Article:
We adopted our sweet peas 8 months ago. They began attaching to me much faster than I to them. This was shocking since it took us almost a year and half to get them home. It took us ten years to be able to finally have a family and my expectations were that because I prayed for instant bonding that it would come to be. But God works through our situations and at times answers our prayers differently. I found that my expctations of myself were that I needed to be perfect and I wasn't. Motherhood after 15 years of marriage was hard and humbling. I felt like an utter failure for not instantly bonding with our babies. I struggled and spent a great deal of times on the floor literally crying out to God. He has been faithful in answer my prayers. My advice as a new mother of adopted babies is to give yourself time. It wasn't until the 6th month before I began to see my actions of love produce a deep love in my heart for my children. It is ever growing inside of me. One thing that has made a big difference for me has been to take the time to pray over my babies each night before I go to bed. I gently rub their back as I thank God for the blessing of having them and then begin to pray over their lives. There is power in prayer.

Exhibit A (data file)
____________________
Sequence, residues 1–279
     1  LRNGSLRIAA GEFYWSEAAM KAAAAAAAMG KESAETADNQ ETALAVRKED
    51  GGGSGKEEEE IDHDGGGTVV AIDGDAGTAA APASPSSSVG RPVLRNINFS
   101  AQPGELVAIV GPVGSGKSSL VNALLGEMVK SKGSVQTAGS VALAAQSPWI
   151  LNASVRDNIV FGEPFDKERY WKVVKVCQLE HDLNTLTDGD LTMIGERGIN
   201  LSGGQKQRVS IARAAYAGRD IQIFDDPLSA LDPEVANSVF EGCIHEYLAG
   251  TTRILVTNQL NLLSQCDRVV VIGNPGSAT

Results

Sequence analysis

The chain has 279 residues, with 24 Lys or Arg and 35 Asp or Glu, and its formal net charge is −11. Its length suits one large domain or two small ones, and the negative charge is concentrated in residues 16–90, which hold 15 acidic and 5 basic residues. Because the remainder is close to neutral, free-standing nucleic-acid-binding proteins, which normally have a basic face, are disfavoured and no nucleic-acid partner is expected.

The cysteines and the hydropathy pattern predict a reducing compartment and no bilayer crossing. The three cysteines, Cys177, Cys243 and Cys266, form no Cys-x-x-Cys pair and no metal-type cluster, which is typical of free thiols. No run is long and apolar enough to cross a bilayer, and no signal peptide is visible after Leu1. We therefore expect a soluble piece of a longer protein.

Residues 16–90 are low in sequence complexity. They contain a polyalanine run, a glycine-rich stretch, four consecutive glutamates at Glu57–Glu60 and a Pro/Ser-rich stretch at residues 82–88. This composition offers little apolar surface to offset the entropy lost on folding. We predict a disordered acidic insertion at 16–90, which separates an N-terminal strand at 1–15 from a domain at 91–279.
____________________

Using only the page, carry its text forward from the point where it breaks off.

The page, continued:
Reply
  11. Catherine
    May 29, 2010

    Thank you so much for this wonderful site and your gracious spirit that is an encouragement to all!

    Reply
  12. Jen
    May 30, 2010

    but I look in my daughter’s eyes and I tell her I love her. Then I tell her to go wash her hand.

    LOL! That is SO funny! and exactly what I would do!

    Thanks for posting my comment!

    Just wanted to encourage all of you to keep at it! Adoption can be really hard (especially the first year or two!), but it is also an incredible blessing!